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Government of Jamaica


Coordinating Agencies Need to Coalesce Around Best Practice Mechanisms – PIOJ Director General

Towards Community Renewal: Coherence in Coordination
Development practitioners were encouraged to bring coherence logic to the processes that are involved in effective coordination. The logic approach will inform how all entities will work to achieve maximum impact. This was a key point that was raised during the panel discussion at the seventh staging of the Best Practices Symposium for Social and Community Development that was held in Kingston on November 2 under the theme “Towards Community Renewal: Coherence in Coordination”. From left: panel moderator Charmaine Brimm, Technical Specialist in Socio-Economic Development, Community Renewal Programme of the PIOJ (PIOJ CRP); Charles Clayton, Programme Director, PIOJ CRP; Donavon Johnson Jr, Data Scientist, Citizen Security Secretariat, Ministry of National Security; Alexander Kroll, Performance Management Researcher, Florida International University; Aubrey Stewart, Strategic Management Consultant. The partners in the Best Practice movement are: PIOJ through its Community Renewal Programme (CRP) the Inter-American Development Bank (IDB), Jamaica Social Investment Fund (JSIF), Ministry of National Security (MNS), and the Social Development Commission (SDC).


Kingston, November 4, 2022

Dr Wayne Henry, Director General of the Planning Institute of Jamaica, has urged development practitioners to approach community renewal through coherence in coordination. He was setting the context for the seventh renewal of the Symposium of Best Practices in Social and Community Development in Kingston, on November 2.

He noted that work in the social sector should be aligned to a coherent and effectively coordinated framework that would deliver social interventions and investments to renew communities.

Dr Henry said, “It will require us coming together, having frank but respectful discussions through which we identify challenges and impediments, and ensure action that will enable us to overcome these obstacles. We will each have to respond to the call for action around these collectively defined solutions and be mindful of the existing coordinating mechanisms around which we should coalesce.”

The coordinating mechanisms currently being utilised by the government are the Citizen Security Plan (CSP) of the Ministry of National Security, the Community Renewal Programme (CRP) of the Planning Institute of Jamaica (PIOJ) and the Jamaica Social Investment Fund (JSIF), which is coordinating interventions among the Zones of Special Operation (ZOSO) communities.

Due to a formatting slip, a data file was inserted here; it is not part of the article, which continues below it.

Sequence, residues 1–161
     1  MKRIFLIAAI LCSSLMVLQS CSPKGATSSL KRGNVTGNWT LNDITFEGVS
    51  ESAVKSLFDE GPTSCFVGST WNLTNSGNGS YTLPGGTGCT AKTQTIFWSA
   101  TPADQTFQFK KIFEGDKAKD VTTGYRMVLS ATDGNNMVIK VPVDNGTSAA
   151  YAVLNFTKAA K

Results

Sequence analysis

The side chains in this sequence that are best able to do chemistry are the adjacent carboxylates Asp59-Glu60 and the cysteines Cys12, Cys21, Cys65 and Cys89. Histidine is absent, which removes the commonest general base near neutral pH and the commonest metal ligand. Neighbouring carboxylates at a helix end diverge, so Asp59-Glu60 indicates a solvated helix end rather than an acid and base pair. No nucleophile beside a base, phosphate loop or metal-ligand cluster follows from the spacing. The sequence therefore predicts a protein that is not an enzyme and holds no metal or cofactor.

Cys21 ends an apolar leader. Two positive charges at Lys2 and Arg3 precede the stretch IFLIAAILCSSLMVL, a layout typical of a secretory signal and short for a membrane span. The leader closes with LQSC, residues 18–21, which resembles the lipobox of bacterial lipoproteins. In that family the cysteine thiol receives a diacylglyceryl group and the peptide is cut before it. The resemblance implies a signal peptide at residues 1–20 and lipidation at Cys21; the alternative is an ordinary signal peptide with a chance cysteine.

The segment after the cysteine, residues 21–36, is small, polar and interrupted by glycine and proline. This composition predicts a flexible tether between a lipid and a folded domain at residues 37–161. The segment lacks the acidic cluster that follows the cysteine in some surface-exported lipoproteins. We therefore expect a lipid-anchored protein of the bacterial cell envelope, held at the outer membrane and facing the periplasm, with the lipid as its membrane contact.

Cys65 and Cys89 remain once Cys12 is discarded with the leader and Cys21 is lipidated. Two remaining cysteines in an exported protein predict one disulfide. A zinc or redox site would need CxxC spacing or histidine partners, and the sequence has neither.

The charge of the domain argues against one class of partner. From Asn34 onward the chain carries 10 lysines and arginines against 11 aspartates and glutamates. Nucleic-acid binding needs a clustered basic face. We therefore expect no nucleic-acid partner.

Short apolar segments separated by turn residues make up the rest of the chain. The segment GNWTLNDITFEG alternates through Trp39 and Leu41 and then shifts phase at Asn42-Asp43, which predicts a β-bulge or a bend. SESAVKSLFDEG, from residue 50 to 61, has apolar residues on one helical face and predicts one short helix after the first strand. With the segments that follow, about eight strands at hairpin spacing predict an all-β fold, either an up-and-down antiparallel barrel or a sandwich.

Following Dr Henry’s presentation, the other panellists and spokespersons continued on the theme of coherence and coordination. Aubrey Stewart, Management Consultant, provided analysis using visualisations that showed where coordination and coherence exists in the social sector. He noted that the data show that stakeholder process is not linear, and that coordination entities that have the strongest authority in a sector, maintain control.

Dr Alexander Kroll, performance management researcher and consultant at the Florida International University (FIU) said that public projects are no longer carried out by one independent agency, making collaborations important. He noted that participatory decision making and shared authority could assist in effectiveness. The decisions will address agreed project design, conflict resolution mechanisms, accountability and legitimacy.

Data scientist at the Citizen Security Programme of the Ministry of National Security, Donavon Johnson Jr, noted that Jamaica needed to advance acceptance of data in decision making. Johnson stated consensus and cooperation is not enough for cohesion, there needs to be better organisational design to meet the modern needs and that will solve complex modern problems.

The Symposium was hosted by the PIOJ through its Community Renewal Programme (CRP) in partnership with the Inter–American Development Bank (IDB), Jamaica Social Investment Fund (JSIF), Ministry of National Security (MNS), and the Social Development Commission (SDC). The theme that guided the discourse was “Towards Community Renewal: Coherence in Coordination”.